by Nico Isaac
Updated: January 31, 2017
There are nearly 50 commodity markets traded all over the world at any given time. That's one for every state in the United States.
So, how is an investor or trader supposed to know which of these markets to follow and which ones to dismiss?
Well, for our long-time Commodity Junctures editor Jeffrey Kennedy, the answer is simple: Don't wait for an Elliott wave pattern to develop on a market's price chart. But rather, choose price charts that already present discernible Elliott wave patterns.
Jeffery will be the first to admit -- sometimes, they show up in the most unlikely of places.
Back in November of 2016, Jeffrey (at a Commodity Junctures subscriber's behest) found an opportunity on the price charts of a market he never included before in his 20-plus years as EWI's senior commodity analyst --rubber.
That opportunity took the shape of one of the most exciting Elliott wave patterns: the ending diagonal. It's a five-wave pattern labeled 1-5 that can only form in the final position of a wave sequence -- i.e., wave 5 of an impulse, or wave C of a correction.
Most importantly, when this pattern ends, it's followed by a swift and powerful reversal that retraces the entire length of the diagonal. Here's its idealized diagram, in bull and bear markets:
In his November 2016 Monthly Commodity Junctures video episode on rubber, Jeffrey made the case for a post-diagonal thrust UP for the long-suffering rubber market:
"We'll be discussing a market that I've actually never spoken about before. I was surprised to find very high quality wave patterns on the charts. This is how we can label the weekly price chart of rubber.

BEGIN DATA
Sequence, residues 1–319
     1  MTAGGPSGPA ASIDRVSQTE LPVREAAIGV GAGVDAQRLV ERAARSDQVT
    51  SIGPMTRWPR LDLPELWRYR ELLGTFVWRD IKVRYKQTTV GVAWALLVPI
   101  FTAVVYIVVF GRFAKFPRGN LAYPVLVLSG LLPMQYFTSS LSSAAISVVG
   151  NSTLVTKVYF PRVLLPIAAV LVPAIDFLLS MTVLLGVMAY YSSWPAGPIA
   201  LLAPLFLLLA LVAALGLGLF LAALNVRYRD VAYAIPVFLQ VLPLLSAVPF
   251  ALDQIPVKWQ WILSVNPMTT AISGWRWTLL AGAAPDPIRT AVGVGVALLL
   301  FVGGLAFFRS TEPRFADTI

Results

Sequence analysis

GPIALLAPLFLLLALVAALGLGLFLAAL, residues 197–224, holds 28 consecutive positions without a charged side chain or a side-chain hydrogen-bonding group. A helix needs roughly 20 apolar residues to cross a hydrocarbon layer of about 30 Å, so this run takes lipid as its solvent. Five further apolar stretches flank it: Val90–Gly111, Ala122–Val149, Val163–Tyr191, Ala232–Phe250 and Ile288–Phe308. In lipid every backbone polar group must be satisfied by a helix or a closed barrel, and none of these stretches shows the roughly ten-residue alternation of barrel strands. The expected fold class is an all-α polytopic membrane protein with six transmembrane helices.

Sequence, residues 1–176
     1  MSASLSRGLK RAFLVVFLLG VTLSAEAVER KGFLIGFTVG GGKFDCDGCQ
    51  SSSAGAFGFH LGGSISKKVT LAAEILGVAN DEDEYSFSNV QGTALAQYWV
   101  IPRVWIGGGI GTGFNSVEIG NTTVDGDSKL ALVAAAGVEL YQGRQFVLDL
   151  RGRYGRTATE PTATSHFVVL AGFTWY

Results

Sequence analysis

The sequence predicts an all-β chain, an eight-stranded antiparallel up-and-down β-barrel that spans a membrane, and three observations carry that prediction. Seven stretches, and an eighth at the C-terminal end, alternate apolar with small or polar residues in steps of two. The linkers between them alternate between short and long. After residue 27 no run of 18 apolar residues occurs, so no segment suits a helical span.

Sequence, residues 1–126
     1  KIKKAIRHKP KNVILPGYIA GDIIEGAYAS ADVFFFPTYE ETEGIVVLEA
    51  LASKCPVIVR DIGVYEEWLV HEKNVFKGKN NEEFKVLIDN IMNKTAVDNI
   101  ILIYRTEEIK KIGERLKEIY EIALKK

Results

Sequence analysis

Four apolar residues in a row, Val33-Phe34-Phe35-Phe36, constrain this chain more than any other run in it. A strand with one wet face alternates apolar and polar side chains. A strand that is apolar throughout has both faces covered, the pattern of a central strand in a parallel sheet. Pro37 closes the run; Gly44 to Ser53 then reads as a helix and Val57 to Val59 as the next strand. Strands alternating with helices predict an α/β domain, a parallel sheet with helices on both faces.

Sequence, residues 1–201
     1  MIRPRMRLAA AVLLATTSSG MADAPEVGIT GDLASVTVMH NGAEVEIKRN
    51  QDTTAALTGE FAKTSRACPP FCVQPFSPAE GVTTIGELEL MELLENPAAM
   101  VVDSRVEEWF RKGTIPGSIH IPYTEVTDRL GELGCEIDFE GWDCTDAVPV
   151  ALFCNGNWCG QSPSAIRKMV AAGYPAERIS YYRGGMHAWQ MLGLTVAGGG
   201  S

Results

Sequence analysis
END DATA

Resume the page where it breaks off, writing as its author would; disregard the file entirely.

"An ending diagonal in the wave c position. Subsequent price action has been quite impulsive to the upside. Now, as you know, whenever an ending diagonal terminates, it tends to resolve quite swiftly and quite sharply back to beyond the origin of the pattern, and that comes into play about 285.5.
"As we move into 2017, I suspect that we will have retraced that entire move to the downside that essentially took two-and-a-half years to form."
From there, rubber prices made a serious commitment to the upside, soaring to a four-year high on January 26.
Now, according to mainstream analysis, rubber's shocking rebound off 11-year lows is the result of weeks' long floods in Thailand, the world's top rubber producer.
You, however, now know the real story: Rubber's rally began long before the sky's opened up in Southern Thailand. It kicked off in late November, as the result of a complete Elliott wave ending diagonal pattern.
When it comes to choosing the right commodity market at the right time, the independent perspective of Elliott wave analysis goes a long way.